Rubens Barrichello stood on top of the podium at Indianapolis Motor Speedway, but his appearance there belied another dominant performance from Michael Schumacher in the United States Grand Prix.
The German controlled the race from start to finish, emerging ahead of his team-mate after both of his scheduled pit-stops and monitoring the gap between them until the final corner, when he casually allowed his F2002 to ride higher than usual on the famous banking to let Barrichello through. Schumacher claimed that, in a season full of records, he was trying to create another by manufacturing a dead-heat, but there were those in the audience who saw it merely as another cynical piece of stage management.
The majority of the 73 laps passed without incident for the Scuderia, with its two cars running 1-2 for the entire race distance. Schumacher got the jump at the start to head Barrichello and David Coulthard
- who drew alongside the Brazilian - into turn one. In their wake, the entire field made it through unscathed, but was already chasing the world champion who, with Barrichello in close attendance, began to draw inexorably away.
By the end of the fifth lap, Schumacher had a gap of just over a second back to his team-mate and, although that ebbed and flowed as they navigated the traffic, Barrichello was never within passing distance. Lap records were exchanged with some regularity, such was the pace at the front ahead of the first round of stops, and Coulthard was soon some six seconds and more in arrears.
The Scot's tenure of third place was eased at the end of the opening lap, when the two Williams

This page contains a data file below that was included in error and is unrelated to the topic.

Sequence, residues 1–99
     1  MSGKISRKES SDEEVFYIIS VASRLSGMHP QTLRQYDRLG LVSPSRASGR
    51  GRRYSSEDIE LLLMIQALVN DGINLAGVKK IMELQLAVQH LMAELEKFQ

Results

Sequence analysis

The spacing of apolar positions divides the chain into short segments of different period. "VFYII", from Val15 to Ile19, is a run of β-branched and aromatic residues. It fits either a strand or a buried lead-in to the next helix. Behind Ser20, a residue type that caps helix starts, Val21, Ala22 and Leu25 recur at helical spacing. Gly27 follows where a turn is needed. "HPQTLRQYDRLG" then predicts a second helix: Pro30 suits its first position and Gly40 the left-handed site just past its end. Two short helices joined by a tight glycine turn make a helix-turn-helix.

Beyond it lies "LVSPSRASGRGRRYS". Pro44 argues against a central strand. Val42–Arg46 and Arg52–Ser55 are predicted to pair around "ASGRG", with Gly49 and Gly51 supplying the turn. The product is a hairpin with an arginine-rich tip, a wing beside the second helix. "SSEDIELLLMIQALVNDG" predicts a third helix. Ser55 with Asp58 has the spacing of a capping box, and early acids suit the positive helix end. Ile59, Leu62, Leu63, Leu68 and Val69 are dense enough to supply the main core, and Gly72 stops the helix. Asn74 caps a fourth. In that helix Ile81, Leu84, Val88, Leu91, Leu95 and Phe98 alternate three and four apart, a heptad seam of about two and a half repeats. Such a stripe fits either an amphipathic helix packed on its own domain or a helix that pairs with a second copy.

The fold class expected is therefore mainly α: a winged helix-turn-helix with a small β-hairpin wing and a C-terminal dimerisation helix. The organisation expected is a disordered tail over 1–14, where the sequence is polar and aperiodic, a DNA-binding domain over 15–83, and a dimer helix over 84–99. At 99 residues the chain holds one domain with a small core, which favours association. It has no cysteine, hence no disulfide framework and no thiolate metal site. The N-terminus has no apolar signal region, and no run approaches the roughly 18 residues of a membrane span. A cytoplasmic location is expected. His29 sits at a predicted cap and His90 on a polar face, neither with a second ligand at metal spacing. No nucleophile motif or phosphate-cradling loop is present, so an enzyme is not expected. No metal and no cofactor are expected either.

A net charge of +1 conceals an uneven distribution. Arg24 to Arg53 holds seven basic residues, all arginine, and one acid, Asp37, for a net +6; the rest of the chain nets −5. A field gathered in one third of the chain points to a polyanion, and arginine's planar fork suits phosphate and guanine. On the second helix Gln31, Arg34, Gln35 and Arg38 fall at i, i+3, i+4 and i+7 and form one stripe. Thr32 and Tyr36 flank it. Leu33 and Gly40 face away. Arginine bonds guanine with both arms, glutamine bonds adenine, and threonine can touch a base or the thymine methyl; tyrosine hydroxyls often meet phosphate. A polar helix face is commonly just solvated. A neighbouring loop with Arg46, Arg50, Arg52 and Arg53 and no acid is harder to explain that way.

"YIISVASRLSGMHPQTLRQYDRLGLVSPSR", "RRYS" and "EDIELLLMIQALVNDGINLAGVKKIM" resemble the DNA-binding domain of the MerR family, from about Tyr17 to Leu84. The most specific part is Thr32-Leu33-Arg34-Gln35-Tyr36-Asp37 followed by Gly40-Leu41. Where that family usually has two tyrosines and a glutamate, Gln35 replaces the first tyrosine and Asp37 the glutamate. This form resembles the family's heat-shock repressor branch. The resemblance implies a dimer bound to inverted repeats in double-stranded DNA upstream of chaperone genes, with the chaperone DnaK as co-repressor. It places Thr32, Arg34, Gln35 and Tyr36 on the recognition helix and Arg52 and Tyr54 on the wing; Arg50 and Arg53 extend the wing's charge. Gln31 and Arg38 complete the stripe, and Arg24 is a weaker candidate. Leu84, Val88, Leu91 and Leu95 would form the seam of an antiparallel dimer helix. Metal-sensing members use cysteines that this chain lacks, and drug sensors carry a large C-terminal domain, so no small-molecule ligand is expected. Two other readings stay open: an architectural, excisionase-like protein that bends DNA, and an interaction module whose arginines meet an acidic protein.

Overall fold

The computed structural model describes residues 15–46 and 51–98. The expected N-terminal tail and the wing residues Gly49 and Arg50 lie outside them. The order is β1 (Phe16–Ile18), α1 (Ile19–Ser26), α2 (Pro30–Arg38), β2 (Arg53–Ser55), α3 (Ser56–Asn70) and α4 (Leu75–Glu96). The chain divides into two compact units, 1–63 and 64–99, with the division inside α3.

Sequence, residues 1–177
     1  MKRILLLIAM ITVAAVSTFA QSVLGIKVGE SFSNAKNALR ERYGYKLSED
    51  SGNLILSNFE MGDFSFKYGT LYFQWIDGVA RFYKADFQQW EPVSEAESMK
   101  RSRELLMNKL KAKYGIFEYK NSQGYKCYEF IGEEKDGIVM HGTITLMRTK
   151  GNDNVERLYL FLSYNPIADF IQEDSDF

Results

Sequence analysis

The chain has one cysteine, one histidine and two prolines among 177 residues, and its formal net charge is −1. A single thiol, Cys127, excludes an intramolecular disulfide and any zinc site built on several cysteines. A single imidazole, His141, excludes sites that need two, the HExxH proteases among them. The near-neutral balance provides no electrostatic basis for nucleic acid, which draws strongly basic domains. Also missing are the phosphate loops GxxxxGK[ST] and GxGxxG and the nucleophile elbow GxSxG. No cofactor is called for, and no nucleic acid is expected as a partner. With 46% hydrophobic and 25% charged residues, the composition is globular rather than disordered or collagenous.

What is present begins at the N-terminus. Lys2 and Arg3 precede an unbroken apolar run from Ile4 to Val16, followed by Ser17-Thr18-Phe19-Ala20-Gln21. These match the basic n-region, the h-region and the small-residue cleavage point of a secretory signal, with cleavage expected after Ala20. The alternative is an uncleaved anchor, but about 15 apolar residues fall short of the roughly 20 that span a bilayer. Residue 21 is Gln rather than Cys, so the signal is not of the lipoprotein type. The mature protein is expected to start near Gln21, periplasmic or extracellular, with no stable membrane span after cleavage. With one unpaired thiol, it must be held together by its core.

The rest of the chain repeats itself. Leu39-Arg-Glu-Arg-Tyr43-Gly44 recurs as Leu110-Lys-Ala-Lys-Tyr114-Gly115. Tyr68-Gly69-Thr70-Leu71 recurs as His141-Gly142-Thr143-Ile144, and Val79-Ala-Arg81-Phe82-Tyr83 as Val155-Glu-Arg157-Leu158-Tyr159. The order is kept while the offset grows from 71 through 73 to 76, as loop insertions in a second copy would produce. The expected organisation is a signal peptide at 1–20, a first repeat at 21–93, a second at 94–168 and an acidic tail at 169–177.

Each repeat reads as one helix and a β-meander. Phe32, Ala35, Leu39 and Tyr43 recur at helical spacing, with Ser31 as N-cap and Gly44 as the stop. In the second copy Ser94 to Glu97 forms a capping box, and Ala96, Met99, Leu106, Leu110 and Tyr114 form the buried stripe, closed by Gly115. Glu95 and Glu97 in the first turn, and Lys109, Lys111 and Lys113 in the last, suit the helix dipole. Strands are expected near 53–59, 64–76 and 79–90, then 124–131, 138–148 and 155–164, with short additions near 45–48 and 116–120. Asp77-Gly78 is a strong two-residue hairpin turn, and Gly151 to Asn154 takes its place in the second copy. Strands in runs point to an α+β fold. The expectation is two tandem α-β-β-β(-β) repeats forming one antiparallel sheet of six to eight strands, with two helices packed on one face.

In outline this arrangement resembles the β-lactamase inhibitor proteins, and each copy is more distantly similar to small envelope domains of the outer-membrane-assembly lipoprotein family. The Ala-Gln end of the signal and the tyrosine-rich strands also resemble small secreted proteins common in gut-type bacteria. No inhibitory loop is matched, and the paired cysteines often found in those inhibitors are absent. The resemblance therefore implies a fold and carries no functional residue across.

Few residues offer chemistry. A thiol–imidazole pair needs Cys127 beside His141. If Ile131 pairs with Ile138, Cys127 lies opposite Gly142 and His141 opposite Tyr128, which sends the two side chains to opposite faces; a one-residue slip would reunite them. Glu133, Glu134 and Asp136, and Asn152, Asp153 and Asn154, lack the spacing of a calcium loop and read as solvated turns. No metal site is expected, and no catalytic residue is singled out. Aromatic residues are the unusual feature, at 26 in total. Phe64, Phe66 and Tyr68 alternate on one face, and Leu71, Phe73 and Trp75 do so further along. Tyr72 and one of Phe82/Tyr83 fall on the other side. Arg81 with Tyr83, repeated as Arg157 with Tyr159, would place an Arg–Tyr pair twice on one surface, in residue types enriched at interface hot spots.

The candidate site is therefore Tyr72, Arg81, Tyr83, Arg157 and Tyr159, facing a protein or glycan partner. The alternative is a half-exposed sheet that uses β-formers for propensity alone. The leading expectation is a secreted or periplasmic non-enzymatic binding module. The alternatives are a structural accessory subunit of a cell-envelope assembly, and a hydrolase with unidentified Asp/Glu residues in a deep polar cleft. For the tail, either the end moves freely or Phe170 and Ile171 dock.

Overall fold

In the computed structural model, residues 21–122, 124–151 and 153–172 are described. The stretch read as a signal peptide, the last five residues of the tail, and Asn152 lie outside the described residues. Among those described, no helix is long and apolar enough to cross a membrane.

drivers chasing him tangled coming off the main straight. Ralf Schumacher, ahead, tried to fend off the challenge of team-mate Juan Montoya - who had made a slow start from grid four - but succeeded only in clipping the inside kerb when the Colombian pinched down on him. The corner marker unsettled the rear of the German's FW24 and he spun, tail first towards the second Williams, breaking the wing clean off on Montoya's right corner as the Colombian passed by. Montoya was delayed in the incident, and resumed in seventh, but Ralf would lose an entire lap as the Williams
mechanics slaved to fit a new wing, rejoining last of all.
The incident - which is sure to sour relations between the two Williams
drivers even further - allowed Jarno Trulli, Kimi Raikkonen
and Jacques Villeneuve to move up a place apiece without making a true overtaking move but, further back, the innovative use of Indianapolis' famous banking was providing the capacity crowd with all manner of thrills.
Mika Salo, starting on the last row after a miserable qualifying session, was the man on the move, climbing into the heart of the midfield very early on, while Takuma Sato showed that he can be a force to reckon with as he passed returning veteran Heinz-Harald Frentzen not once, but twice in the space of three corners.
With the long-forgotten art of slipstreaming brought back into vogue by the American layout, Taku drafted up behind the German's Sauber approaching turn one, only to find the road rapidly disappearing from beneath him. Undeterred, the Japanese rookie kept his foot in across the grass, narrowly missing grateful recipient Jenson Button
as he rejoined, and proceeded to repass Frentzen at turn three. This time, the move stuck, and Sato was quickly on his way in pursuit of Button and team-mate Giancarlo Fisichella.
Villeneuve ensured that the top six would not be devoid of passing opportunities, however, as, after one rebuffed attempt, he managed to slice past Raikkonen at the beginning of the straight, and quickly closed in on Trulli. Part of the reason for the Canadian's pace was the growing presence of the recovering Montoya in his mirrors, and the Colombian soon returned to the point by also passing Raikkonen, who was exhibiting the first signs of a poorly engine.